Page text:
Two Study Findings Call ABR’s Into Question For Detecting Vestibular Schwannomas

Two Study Findings Call ABR’s Into Question For Detecting Vestibular Schwannomas

A recently-released Danish study shows the auditory brainstem evoked response (ABR) test only detects 77-80% of vestibular schwannomas (VS; acoustic neuroma),1 and a recent Mass Eye & Ear study seems to explain why by detailing a newly-discovered second way a VS causes hearing loss due to ototoxic secretions causing sensorineural hearing loss.2 This article will explain the linkage of these two findings; and more importantly, why both the speech rollover test and diagnostic ABR should no longer be depended upon when an asymmetrical hearing loss is detected, to rule out a potentially lethal schwannoma.

The study at Massachusetts Eye and Ear showed that in some cases of vestibular schwannoma, a sometimes-lethal tumor often associated with neurofibromatosis Type 2 (NF2), secretions from the tumor contain toxic molecules that damage the inner ear. The findings, published online in Scientific Reports, explain why some vestibular schwannomas cause sensorineural hearing loss even though they are not large enough to compress nearby structures such as the auditory nerve which control hearing, hence possibly not showing up on a diagnostic ABR.

Illustration courtesy Andrew Tubelli

The vestibular schwannoma, also known as an acoustic neuroma, is a benign tumor which attaches itself to the auditory nerve bundle. Often associated with neurofibramatosis type II (NF2),4 in fact these can occur at random when NF2 is not present. However, in many cases VS-induced asymmetrical hearing loss is the first symptom of NF2, which is why it is crucial for the clinician to radiologically investigate all asymmetrical hearing losses.

“What’s written in textbooks is that these tumors cause hearing loss by growing to the point of compressing the auditory nerve,” said senior author and Mass Eye & Ear otologic surgeon Konstantina M Stankovic, MD, PhD. “We knew that it couldn’t be as simple as that, because there are large tumors that do not cause hearing loss and little ones that do.”

Let’s unpack these last three paragraphs: Traditionally, the hallmark of a VS (either NF2 or random) pressing on the auditory nerve causes neural firing dys-synchrony (a member of the ANSD spectrum), triggering abnormal results in the speech rollover test, i.e. meaning any hearing professional bothering to perform this basic test would catch a VS, as the louder presentation level would uncover the distortion the patient is hearing via the lower score.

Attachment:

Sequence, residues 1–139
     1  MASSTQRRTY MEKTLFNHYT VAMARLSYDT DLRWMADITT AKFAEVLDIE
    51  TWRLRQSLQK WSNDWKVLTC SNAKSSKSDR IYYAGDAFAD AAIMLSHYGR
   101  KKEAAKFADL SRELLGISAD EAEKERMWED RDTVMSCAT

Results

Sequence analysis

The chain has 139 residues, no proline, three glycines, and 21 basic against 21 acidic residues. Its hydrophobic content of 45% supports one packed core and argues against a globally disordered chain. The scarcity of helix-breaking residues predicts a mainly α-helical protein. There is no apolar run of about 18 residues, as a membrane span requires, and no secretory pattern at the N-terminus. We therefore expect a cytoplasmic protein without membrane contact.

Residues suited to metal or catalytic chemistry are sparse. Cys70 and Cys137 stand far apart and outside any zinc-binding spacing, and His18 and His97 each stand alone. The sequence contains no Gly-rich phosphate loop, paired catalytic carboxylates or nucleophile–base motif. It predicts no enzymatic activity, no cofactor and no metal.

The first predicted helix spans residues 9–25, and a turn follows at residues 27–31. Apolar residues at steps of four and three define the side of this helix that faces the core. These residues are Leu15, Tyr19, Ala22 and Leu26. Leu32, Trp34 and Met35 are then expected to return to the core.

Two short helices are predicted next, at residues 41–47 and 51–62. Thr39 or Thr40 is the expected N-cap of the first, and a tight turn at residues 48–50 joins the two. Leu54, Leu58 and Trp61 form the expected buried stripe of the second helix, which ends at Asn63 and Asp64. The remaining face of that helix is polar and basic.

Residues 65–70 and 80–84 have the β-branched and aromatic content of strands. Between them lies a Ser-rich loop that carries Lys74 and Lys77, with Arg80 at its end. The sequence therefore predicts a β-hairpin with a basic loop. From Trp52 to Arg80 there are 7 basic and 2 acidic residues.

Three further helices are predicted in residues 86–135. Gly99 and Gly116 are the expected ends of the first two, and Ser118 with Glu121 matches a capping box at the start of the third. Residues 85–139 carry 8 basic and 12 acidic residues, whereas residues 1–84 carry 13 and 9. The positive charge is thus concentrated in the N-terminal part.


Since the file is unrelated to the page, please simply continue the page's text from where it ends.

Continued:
However, what this study shows is that there is a second mechanism a VS can cause hearing damage that will not show up on the speech rollover test; and as we will discuss the Danish study1 in a moment, neither on a diagnostic ABR. Apparently, a percentage of VS’ which can be too small to exert enough pressure on the auditory nerve to cause loss of synchrony at the dorsal cochlear nucleus can sometimes emit the ototoxic compound TNFa, which has been implicated in other forms of sensorineural hearing loss… And although this damage mechanism would not reveal itself on the rollover or ABR, it would show up on the pure tone audiogram. This is why we admonish all hearing care professionals to refer patients who have either an asymmetrical SNHL component .OR. fail the speech rollover test to a competent otologist or neurologist for radiologic followup.

Wrapping a bow around the Boston study, we have a Danish study comparing the effectiveness of the diagnostic ABR to the MRI. Interestingly, this was a cost-benefit study, the cost for an ABR was €326 vs just €319 for the MRI (about $350). From the study’s conclusion,

In the past, ABR was a valid and cost-effective tool when screening for VS, but considering the improved availability and reduced cost of MRI, we conclude that contemporary ABR is medically and financially obsolete in VS screening. Contemporary ABR is not valid as a screening tool when considering the low sensitivity, the low specificity and the low positive predictive value.

Take-Home Lessons:
  • For asymmetrical thresholds, ABR and speech rollover test will miss VS’ which emit toxic secretions but are too small to press against the auditory nerve;
  • For symmetrical thresholds the ABR & speech rollover will detect the non-toxin secreting VS if it is large enough to press against the AN due to the different damage mechanism;
  • MRI followup by an otologist is mandatory for either asymmetrical hearing thresholds .OR. failed speech rollover test (with or without confirming ABR).
References:
  1. Auditory brainstem response: A valid and cost-effective screening tool for vestibular schwannoma? Rafique I1, Wennervaldt K1, Melchiors J1,2, Caye-Thomasen P1,2. Acta Otolaryngol. 2016 Jul;136(7):660-2. doi: 10.3109/00016489.2016.1157726. Epub 2016 Apr 4;
  2. Secreted Factors from Human Vestibular Schwannomas Can Cause Cochlear Damage. Sonam Dilwali, Lukas D. Landegger, Vitor Y. R. Soares, Daniel G. Deschler, & Konstantina M. Stankovic, Scientific Reports, December 22, 2015;
  3. Toxic secretions from intracranial tumor damage the inner ear. Mass Eye & Ear press release by Suzanne Day, December 22, 2015;
  4. Neurofibramatosis Type II. National Library of Medicine, Genetics Home Reference. Retrieved September 5, 2016;

 

Hat tip: Brainstem Auditory Evoked Responses (BAER or ABR): Timothy Hain MD, Dizziness-and-balance.com

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About the author

Dan Schwartz

Electrical Engineer, via Georgia Tech

One Comment

  1. Dan Schwartz
    July 11, 2017 at 1:51 pm

    Here is a story from July 2012 of an ENT MedMal case in Charleston, West Virginia over an undetected VS.


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